According to Asset-Based Community Development theory, the “economy” and “physical environment” are two building blocks of communities. Economies, depending on their structures, can build local wealth or engender poverty. In a “local economy” community members themselves own a greater percent of businesses. More dollars stay in the community. The physical environment can encourage or hinder relationship-building and local economies, too, such as by the prevalence of the automobile, and affordability of housing.
Recently, I experienced how local economy and physical environment build community in Puerto Vallarta (PV), Mexico. PV is an international tourist destination on the Pacific coast; (it was a thriving Mexican village long before Americans discovered it thanks to Richard Burton and Elizabeth Taylor, who had an affair there). Now, 50% of PV’s economy is dependent on tourism mostly from Mexico, the US, and Canada, and 50% of income comes from industry and agriculture.
Puerto Vallarta provides a feast for the senses, as these photos show, including the wailing voices of musicians and their twanging guitars, the rainbow of colorful artwork hanging from vendors’ stalls, the rich taste of chocolate mole, salsas, and seafood in artisan food shops, the locally-distilled tequila, the smell of flowers that shop owners lovingly plant in front of their stores, and the feeling of peso bills in my hands as I buy treasures to take home. How can one place be so filled with life, culture, and creativity?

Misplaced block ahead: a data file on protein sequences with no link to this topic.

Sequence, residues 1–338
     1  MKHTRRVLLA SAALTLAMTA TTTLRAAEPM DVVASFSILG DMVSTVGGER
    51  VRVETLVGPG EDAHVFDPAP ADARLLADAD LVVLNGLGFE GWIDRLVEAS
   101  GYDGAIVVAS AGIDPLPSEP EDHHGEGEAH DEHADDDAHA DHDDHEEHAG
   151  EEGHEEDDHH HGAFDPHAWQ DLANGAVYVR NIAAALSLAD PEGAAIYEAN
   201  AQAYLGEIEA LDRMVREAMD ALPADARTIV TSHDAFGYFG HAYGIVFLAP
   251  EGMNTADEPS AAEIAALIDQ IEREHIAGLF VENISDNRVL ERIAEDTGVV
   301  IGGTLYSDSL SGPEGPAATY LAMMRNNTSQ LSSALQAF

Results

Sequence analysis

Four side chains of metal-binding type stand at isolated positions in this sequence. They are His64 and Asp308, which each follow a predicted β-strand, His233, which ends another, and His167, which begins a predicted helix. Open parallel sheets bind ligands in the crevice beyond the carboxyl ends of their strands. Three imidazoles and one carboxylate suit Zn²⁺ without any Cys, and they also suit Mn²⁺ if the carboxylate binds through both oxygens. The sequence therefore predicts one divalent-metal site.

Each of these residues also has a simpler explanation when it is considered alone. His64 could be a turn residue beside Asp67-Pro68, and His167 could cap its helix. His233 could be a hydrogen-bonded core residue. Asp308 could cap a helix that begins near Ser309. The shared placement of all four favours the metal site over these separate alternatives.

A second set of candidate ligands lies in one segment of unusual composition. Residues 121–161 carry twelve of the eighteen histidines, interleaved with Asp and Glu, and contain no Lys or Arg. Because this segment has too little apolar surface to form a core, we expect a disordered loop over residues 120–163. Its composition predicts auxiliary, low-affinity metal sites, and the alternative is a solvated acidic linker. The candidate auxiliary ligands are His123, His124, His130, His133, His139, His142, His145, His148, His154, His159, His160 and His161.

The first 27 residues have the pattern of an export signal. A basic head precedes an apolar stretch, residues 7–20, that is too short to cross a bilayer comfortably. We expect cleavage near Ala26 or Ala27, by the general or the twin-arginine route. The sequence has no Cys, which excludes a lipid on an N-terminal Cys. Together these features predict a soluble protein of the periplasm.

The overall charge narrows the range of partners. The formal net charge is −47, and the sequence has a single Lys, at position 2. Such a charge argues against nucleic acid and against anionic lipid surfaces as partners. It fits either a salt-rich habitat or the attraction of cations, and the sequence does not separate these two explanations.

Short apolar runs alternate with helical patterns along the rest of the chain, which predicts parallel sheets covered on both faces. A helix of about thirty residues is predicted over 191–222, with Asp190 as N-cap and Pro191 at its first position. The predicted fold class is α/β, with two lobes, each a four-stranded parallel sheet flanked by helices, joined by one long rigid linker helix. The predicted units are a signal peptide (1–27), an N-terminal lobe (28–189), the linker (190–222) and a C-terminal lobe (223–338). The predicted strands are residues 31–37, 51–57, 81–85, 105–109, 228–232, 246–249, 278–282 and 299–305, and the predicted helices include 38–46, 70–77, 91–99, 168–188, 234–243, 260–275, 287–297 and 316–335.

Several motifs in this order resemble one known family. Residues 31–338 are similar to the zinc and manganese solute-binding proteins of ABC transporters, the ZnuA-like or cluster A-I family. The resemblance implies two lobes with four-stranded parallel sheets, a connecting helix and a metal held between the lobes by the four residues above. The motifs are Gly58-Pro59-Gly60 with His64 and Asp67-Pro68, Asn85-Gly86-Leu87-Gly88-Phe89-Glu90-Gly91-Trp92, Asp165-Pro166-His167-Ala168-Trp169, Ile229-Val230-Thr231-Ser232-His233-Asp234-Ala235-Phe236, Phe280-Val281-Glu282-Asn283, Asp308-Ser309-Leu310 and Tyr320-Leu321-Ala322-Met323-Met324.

PV's physical environment encourages Asset-Based Community Development because it fosters relationships, the "song of community." The beach area’s streets and sidewalks encourage face to face connection by encouraging people to walk (not drive), to explore, and to linger. Along the entire beachfront, over one mile in length, is a malecón, or pedestrian boardwalk, attracting thousands of pedestrians at any given time. There is no cost for admission, no dress code, and no car required. People young and old, rich and poor, foreign and local, meet there. In addition, there are three plazas along the malecón, more opportunities for gathering and for vendors to sell their handmade foods and crafts.
Storefronts throughout the town are small, conducive to local economies because of the low cost of entry. Almost anyone can afford to start a small shop, and this environment supports diverse shopping experiences such as massage shops, tax preparers, sausage makers, candy stores, and handicrafts. In addition, the small storefronts discourage the types of corporations that fill warehouses and also drive local businesses out-of-business. The malecón, the plazas, and the small-scale storefronts are all examples of how PV’s physical environment supports the local economy.
In PV, individuals' gifts and talents are the drivers of the local economy. Mexican culture is profoundly diverse and rich, and on the malecón, the 'asset' of Mexican cultural richness is regularly expressed through creative enterprises. Artists, sculptors, weavers, street performers, chefs, jewelers, and musicians make their living. A man sells purses he makes from the pull tabs on top of aluminum cans. Voladores perform by flinging themselves off a 40 foot pole and spinning upside down to re-enact an ancient ceremony. Two sand men play a chess game of sand pieces while pouring sand wine. Food is served in countless stalls. It is these locally created masterpieces that create the incredibly rich experiences that continues to draw tourists to PV.
I do not wish to so romanticize the local economy in PV that I fail to mention that global economic forces are inequitable. Developing nations like Mexico suffer from low wages. The GDP per capita in Mexico is only $18,900 (Wikipedia). Unfortunately wages in PV's tourism sector are low and seasonal. While a local economy certainly helps create parity and wealth in communities, global economies must also be structured to benefit all people, not just the wealthy.